The Airtel experience was rewarding not just for consumers of the brand, but even for subscribers with rival networks. Nabendu Bhattacharyya, chief executive officer and managing director, Milestone Brandcom said, even non-Airtel subscribers appreciated the effort with nearly 11,500 consumers trying out the kiosk in three days.
The push factor
Marrying digital with the outdoor display infrastructure is just one example of how advertisers are pushing the pedal to the metal when it comes to brand messaging in outdoor. Be it life-size models of products that leap out of hoardings or photographs that light up when one comes close, the OOH segment is pushing the boundaries when it comes to communication.
The reason, say experts, is the growing need of companies to get greater bang for the advertising buck. As ad clutter levels grow across media including OOH, companies are pushing outdoor agencies to come up with sophisticated solutions that target the right audience at the right location.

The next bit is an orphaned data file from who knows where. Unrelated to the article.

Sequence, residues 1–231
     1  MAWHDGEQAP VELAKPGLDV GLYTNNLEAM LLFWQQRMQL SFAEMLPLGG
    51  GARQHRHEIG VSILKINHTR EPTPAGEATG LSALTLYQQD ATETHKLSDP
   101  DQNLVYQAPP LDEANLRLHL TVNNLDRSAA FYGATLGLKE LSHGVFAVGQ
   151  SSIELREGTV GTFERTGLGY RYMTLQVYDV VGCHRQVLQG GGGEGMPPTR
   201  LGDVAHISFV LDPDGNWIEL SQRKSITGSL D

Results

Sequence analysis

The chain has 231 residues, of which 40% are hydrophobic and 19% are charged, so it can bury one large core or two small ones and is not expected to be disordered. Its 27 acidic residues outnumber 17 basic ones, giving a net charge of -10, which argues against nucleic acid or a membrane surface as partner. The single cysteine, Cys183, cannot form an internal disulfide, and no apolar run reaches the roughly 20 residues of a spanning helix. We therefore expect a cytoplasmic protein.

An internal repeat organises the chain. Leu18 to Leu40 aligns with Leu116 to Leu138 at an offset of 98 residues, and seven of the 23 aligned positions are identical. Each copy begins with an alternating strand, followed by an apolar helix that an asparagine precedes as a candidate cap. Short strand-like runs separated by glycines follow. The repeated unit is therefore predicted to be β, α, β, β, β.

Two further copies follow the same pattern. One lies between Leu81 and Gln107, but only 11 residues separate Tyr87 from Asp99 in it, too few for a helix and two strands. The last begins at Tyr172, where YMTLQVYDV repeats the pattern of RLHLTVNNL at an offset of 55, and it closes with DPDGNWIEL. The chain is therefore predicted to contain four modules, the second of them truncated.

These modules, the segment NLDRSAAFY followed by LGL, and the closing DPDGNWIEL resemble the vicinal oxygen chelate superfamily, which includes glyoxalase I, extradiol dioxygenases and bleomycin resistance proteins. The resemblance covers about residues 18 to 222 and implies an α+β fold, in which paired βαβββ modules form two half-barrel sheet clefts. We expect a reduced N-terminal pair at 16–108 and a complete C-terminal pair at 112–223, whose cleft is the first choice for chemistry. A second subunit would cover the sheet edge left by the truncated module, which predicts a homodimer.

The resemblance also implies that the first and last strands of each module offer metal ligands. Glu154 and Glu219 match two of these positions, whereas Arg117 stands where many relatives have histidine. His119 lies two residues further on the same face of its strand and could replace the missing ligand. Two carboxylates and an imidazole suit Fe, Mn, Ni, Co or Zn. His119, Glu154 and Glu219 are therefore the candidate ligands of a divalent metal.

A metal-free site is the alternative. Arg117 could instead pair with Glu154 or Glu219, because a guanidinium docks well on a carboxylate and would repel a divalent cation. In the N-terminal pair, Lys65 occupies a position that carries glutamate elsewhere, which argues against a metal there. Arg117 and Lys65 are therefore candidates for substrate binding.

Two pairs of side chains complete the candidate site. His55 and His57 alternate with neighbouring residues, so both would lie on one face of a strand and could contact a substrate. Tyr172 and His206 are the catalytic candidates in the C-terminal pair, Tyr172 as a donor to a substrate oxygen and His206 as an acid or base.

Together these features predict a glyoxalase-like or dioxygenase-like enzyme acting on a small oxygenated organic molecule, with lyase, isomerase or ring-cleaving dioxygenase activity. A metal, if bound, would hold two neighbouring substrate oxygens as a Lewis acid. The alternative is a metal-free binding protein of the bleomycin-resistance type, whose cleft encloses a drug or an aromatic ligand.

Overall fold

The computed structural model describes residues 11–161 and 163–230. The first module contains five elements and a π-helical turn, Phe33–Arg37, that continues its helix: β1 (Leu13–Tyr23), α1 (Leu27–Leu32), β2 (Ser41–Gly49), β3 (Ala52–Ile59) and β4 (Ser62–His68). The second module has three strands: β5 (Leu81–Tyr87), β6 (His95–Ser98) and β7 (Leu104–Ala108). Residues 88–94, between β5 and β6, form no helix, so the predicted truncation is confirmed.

The move has also been fuelled in part by lack of transparency in the medium, which according to media industry estimates is pegged at around Rs 3,000-3,500 crore. While this is the size of the organised outdoor advertising market, there is a large unorganised segment, which is out of bounds of any media measurement service.
"In India, lack of a common currency (to measure outdoor) has long been a concern for advertisers and OOH agencies and has often been cited as one of the reasons for the industry’s lack of growth. Independent agencies now have their own outdoor measurement tools to ensure advertisers get the best return for their investment," Bhattacharyya says.